2011-11-30 12:00:00 AM
Walking down the streets of downtown Kuala Lumpur, Grace Solares says she saw very few tourists eating at
local restaurants or shopping at the Petronas Twin Towers. Early this month, Solares was part of a group
attending a convention at Malaysia’s Kuala Lumpur Convention Centre — nearly 45 minutes away from the city’s
main recreational destination, the Genting Highland. The sprawling resort boasts more than 10,000 hotel rooms,
a casino, convention and exhibition space, a theme park, a skyway, performance halls, restaurants, clubs and
shops. Buses drive tourists from the airport to the resort destination on a mountain peak and then back to the
airport, she said.
“The impact that that project has on Kuala Lumpur is visible … the downtown is empty… it is a ghost town,”
Solares asserted. She is a founder of Miami Neighborhood United, a coalition of neighborhood associations in
Solares said her six-day trip to Kuala Lumpur cemented her opposition to a casino resort destination bill that
would allow three massive casino resorts in Miami-Dade and Broward counties. She fears the casino destinations
would suck the life out of existing businesses and hurt entire neighborhoods that now benefit from tourism.
Solares is part of a grassroots movement that is beginning to organize with one goal in mind: kill the bill being
pushed by the Genting Group, Las Vegas Sands, Wynn Resorts Limited and other casino operators that are
eager to make South Florida the next Las Vegas. The Florida Legislature will vote on the bill during the 2012
session beginning in January.
Malaysian-based Genting has already acquired nearly 30 acres in downtown Miami, where it plans to build a 10-
million-square-foot casino and entertainment resort. The project, called Resorts World Miami, is planned for the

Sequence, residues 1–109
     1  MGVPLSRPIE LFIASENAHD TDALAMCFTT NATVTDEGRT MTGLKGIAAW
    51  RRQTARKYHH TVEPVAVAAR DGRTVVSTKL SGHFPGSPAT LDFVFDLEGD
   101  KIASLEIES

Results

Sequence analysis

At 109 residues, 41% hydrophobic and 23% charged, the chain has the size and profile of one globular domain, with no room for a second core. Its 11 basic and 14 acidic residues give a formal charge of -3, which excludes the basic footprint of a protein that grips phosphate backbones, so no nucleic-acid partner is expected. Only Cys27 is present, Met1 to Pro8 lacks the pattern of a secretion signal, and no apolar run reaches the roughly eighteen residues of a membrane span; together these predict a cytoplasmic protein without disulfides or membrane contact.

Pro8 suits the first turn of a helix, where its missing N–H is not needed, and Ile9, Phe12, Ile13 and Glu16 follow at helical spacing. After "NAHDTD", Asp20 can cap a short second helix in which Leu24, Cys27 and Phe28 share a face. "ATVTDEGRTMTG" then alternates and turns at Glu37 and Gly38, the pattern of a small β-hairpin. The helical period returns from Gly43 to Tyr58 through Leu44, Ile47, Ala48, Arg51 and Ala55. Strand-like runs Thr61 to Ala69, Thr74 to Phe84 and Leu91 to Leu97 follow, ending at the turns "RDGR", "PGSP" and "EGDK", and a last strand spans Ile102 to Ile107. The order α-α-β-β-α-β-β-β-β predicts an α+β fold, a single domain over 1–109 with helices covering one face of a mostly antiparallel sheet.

site now occupied by the Miami Herald, east of Biscayne Boulevard and north of Interstate 395.
“It is not hard to figure out that whoever goes there is not going to come out and subsidize the businesses around
the area,” Solares said. “You are not going to have people go to Little Havana to eat arroz con pollo. You are
going to have the arroz con pollo right there. Tourists won’t go to have ceviche on 7th Street and 38th because
you are going to have the Peruvian restaurant there.”
Her group, Neighborhood United, is hosting a free casino forum in Miami City Hall on Dec. 14. She hopes to
recruit neighborhood associations at that event to help with the fight to defeat casinos.
Genting representative Chris Goode said his company has a developed a plan to protect local businesses. He
said casino goers collect points when they gamble and those points can be redeemed at local restaurants.
“Two to three dozen restaurants already signed up to participate,” Goode said Tuesday in an interview at a
gambling forum conducted by the Fort Lauderdale Chamber of Commerce. He said the list of Miami area
participants is growing.
The Forge of Miami Beach, City Hall in Miami and Garcia’s Seafood Grille and Fish Market on the Miami River
are among the signees reported by Genting.
“The Forge and Garcia’s are also considering opening a second location at the Resorts World Miami,” said Tadd
Schwartz, a Genting spokesman.